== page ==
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Bechtel Education Center Roof Exterior

Roof exterior of the Monterey Bay Aquarium's Bechtel Family Center for Ocean Education and Leadership

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Bechtel Education Center Rooftop Garden

Rooftop garden of Monterey Bay Aquarium's Bechtel Family Center for Ocean Education and Leadership

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Bechtel Education Center Learning Lab

One of four learning labs in Monterey Bay Aquarium's Bechtel Family Center for Ocean Education and Leadership

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Bechtel Education Center Exterior

Exterior of Monterey Bay Aquarium's Bechtel Family Center for Ocean Education and Leadership

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MBARI Underwater Robots

Using MBARI's underwater robots, equipped with sampling devices designed specifically for this project, the researchers filtered plastic particles out of seawater on multiple occasions at two different locations and at various depths--from five to 1,000 meters below the surface of Monterey Bay, California.

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Anela Choy

The groundbreaking research was a joint effort by the Monterey Bay Aquarium Research Institute (MBARI) and Monterey Bay Aquarium. Anela Choy, lead author of the paper, conducted the research while a postdoctoral fellow at MBARI.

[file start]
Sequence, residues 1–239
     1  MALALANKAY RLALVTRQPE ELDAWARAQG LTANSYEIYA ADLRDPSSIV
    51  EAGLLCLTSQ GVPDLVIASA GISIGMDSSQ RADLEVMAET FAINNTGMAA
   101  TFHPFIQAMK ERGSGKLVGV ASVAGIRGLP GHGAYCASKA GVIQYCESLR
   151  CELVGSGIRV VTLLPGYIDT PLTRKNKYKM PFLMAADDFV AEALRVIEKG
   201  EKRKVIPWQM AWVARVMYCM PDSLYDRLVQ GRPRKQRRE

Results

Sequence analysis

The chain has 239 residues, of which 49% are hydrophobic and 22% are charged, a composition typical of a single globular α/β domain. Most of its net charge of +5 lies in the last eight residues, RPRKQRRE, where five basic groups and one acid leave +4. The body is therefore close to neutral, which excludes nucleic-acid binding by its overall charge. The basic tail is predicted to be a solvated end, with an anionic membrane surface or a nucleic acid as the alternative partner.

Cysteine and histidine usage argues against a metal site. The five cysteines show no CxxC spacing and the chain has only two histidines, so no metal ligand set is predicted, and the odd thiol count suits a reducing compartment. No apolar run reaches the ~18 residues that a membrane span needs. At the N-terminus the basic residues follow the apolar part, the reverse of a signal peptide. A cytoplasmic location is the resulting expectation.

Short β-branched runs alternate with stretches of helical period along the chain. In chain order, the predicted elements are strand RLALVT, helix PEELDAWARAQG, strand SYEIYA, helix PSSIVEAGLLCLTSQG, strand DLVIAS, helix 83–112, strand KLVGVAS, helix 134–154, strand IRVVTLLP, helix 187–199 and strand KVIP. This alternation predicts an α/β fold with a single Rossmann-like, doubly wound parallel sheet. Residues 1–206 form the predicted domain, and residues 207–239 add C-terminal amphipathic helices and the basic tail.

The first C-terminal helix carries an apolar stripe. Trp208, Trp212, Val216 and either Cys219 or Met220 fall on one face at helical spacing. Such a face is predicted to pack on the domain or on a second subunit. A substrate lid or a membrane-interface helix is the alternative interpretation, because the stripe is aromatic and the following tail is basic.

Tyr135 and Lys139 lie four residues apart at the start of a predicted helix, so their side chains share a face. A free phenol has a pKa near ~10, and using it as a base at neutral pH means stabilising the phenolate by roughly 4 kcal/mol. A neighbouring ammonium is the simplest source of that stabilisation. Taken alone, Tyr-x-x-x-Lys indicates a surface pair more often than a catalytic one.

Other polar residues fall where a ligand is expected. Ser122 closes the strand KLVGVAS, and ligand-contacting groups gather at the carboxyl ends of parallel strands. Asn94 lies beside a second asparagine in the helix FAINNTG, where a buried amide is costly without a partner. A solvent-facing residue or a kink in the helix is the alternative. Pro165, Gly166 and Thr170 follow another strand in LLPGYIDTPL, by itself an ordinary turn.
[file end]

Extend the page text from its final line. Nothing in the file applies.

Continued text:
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Pelagic Red Crabs Outside Monterey Bay Aquarium

Microplastic particles are not only common from the surface to the seafloor, but they're also being eaten by animals such as giant larvaceans and pelagic red crabs and incorporated into marine food webs.

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Plastic on the Beach

Most plastic pollution in the ocean originates on land. This study confirmed the origin of ocean microplastics sampled was from consumer plastic products such as single-use drink bottles and to-go containers, not from fishing gear.

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Larvacean Sampler

Using MBARI's underwater robots, equipped with sampling devices designed specifically for this project, the researchers filtered plastic particles out of seawater on multiple occasions at two different locations and at various depths--from five to 1,000 meters below the surface of Monterey Bay, California.

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Giant Larvacean

Microplastic particles are not only common from the surface to the seafloor, but they're also being eaten by animals such as giant larvaceans and pelagic red crabs and incorporated into marine food webs.

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